This year alone, we will spend billions upon billions on a long list of weapons including but not limited to the Joint Strike, Raptor, Eagle, and Super Hornet fighter planes; Osprey, Chinook, Hercules, Apache, and Black Hawk helicopters; nuclear aircraft carriers, Aegis destroyers, littoral combat ships, submarines, and assault ships; medium-range, ballistic, standoff, hellfire, ICBM, and cruise missiles; Aegis, THAAD, Patriot, and PAC-3 missiles; space-based infrared, global positioning, evolved expendable launch, and advanced extremely high frequency systems; tanks, tactical, and amphibious combat vehicles; Predator, Grey Eagle, and Reaper drones. The list goes on and on. This is akin to taking our national wealth and burying it in the ground.

We worship Baal and have erected temples and pillars in his honor all over our land. Our gods are iron and metal and death. We have already been carried away into spiritual exile from our hopes, our dreams, our values, and from the God we profess to love, follow, and obey. We have done what was evil in the sight of the Lord. The blood of millions is on our head. The word of the Lord is not known.

Will we repent? 

Yours in Christ,

Jim Winkler
President and General Secretary
ELCA and The United Methodist Church partner on HIV and AIDS strategy

The Evangelical Lutheran Church in America (ELCA) and The United Methodist Church have formed a partnership to collaborate on strategy and projects that will focus on reducing stigma and discrimination experienced by people infected and affected by HIV and AIDS.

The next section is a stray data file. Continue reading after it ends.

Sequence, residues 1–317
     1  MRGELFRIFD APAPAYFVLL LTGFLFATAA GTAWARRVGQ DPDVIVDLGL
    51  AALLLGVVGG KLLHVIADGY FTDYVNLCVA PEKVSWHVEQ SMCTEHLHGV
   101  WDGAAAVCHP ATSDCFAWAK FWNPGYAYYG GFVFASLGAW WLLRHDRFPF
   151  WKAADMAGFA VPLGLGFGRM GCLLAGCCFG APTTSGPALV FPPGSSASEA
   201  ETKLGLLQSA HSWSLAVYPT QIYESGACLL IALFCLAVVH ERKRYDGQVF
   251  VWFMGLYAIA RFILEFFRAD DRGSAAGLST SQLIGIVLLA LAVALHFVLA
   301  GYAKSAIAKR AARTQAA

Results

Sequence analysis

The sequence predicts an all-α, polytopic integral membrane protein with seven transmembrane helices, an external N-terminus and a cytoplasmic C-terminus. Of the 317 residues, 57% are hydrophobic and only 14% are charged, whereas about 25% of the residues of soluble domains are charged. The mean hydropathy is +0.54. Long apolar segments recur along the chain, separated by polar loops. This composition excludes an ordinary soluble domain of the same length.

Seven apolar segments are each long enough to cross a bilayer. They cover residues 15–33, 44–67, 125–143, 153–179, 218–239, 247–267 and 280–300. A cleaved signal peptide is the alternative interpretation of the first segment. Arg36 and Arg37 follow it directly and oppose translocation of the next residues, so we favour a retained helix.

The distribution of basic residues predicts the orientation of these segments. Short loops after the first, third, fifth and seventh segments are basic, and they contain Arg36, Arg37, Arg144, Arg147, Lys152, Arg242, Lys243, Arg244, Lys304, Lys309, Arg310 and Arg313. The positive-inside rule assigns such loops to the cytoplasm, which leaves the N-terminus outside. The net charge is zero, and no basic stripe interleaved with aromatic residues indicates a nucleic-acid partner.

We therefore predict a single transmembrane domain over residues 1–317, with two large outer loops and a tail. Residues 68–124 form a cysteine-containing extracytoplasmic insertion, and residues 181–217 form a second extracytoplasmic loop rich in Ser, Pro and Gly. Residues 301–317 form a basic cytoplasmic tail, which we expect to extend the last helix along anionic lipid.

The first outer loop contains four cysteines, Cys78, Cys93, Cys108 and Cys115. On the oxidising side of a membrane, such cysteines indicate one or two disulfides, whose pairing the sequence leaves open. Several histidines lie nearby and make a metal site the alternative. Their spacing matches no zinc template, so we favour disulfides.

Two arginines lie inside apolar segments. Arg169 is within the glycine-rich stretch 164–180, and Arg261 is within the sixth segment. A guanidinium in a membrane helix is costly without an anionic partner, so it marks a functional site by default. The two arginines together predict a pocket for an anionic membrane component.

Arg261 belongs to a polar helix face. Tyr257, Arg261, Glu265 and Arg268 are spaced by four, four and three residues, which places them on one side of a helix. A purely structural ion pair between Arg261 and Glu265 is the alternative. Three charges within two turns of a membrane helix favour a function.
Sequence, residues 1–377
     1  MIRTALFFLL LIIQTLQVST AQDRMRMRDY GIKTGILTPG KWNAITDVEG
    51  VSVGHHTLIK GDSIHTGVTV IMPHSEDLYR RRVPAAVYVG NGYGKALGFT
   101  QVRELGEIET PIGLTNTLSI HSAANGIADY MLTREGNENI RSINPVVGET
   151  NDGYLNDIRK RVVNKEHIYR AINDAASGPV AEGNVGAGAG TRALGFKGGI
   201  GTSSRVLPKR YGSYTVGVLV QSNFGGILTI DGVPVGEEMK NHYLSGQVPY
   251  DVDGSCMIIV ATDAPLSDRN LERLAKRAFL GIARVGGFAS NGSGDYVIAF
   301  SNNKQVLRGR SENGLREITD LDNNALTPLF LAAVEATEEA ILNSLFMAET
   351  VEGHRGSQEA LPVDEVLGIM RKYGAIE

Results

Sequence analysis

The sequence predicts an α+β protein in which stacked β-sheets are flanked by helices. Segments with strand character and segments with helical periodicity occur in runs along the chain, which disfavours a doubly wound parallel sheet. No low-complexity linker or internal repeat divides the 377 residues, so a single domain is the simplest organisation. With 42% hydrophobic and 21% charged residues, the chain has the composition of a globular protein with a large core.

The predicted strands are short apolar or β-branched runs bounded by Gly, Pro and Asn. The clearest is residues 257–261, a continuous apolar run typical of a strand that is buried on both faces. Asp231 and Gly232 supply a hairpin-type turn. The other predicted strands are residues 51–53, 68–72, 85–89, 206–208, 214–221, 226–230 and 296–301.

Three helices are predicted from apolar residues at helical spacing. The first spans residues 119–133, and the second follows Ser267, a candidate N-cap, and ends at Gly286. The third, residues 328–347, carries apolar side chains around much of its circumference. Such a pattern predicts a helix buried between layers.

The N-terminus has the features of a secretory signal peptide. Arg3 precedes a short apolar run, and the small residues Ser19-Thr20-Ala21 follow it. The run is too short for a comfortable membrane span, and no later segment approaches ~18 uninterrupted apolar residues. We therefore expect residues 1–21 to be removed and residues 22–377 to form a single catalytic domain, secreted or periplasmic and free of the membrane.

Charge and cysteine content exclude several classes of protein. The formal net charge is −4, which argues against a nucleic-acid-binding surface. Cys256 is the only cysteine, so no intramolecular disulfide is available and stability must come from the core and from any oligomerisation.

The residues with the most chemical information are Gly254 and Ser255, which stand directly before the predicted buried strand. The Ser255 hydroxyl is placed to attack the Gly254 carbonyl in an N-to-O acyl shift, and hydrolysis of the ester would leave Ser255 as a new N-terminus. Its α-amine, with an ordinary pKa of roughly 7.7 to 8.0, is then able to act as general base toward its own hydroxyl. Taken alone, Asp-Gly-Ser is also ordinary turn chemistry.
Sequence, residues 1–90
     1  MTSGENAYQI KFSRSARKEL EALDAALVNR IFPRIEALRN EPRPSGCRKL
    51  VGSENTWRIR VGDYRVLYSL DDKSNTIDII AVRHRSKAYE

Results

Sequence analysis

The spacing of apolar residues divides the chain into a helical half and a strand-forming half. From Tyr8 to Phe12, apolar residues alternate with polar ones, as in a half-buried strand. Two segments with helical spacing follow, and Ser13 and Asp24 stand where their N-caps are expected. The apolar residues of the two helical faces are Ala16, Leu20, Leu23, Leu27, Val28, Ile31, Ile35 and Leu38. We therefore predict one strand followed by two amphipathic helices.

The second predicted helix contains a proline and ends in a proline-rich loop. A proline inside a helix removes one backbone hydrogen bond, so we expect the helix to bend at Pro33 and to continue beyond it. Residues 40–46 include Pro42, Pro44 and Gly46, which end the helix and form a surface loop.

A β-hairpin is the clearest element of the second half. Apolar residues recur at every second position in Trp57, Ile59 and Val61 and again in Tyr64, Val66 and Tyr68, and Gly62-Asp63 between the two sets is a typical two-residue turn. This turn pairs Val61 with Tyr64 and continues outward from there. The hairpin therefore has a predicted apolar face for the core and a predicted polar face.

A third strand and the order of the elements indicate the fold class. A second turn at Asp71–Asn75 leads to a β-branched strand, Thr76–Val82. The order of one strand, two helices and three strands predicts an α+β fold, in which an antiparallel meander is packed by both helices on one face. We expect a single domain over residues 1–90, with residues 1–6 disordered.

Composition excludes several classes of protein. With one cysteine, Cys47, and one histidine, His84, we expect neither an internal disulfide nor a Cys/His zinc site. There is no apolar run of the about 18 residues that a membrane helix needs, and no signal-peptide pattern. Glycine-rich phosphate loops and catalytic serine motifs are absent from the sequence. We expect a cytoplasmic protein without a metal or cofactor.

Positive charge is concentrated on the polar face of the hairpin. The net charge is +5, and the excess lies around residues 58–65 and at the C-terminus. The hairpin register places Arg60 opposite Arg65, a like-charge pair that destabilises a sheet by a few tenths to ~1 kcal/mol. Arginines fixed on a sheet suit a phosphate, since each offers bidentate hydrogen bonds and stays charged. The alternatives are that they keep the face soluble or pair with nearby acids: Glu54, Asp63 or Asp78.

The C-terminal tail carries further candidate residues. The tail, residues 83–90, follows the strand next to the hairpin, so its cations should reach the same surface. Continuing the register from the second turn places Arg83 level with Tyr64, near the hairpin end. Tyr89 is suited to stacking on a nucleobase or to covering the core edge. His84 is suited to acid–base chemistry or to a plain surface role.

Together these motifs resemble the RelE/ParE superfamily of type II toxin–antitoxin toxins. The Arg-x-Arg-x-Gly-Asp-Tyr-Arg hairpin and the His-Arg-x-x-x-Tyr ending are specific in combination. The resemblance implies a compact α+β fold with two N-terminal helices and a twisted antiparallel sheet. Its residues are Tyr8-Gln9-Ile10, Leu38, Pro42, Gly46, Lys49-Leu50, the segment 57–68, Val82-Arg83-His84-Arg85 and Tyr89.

“This epidemic must be addressed by the church through education, awareness, capacity building and stigma reduction,” said Dr. Ulysses Burley, program associate, ELCA strategy on HIV and AIDS.

Burley shared the ELCA’s efforts to combat HIV and AIDS during the February meeting of the United Methodist Global AIDS Fund Committee at the Hollywood United Methodist Church in Hollywood, Calif. Burley told those gathered that “while 37.4 million people are infected worldwide, in the U.S. 44 percent of persons currently living with HIV and AIDS and 44 percent of the newly infected are African American.”

“At the end of the three-day meeting we affirmed a new way forward together. The United Methodist Church Global AIDS Committee voted to adopt the stated goals of the ELCA’s HIV and AIDS Strategy,” said Burley.

Pilgrimage for Justice and Peace

Everywhere we look today, life seems imperiled. Isn’t it time for Christians and Christian churches everywhere to unite in sustaining life by working together on today’s most pressing issues? Isn’t it time for Christians everywhere to join in a sacred journey – a pilgrimage – of justice and peace?

Become involved in the Pilgrimage of Justice and Peace: an initiative of the WCC member churches “to work together in a common quest, renewing the true vocation of the church through collaborative engagement with the most important issues of justice and peace, healing a world filled with conflict, injustice and pain.”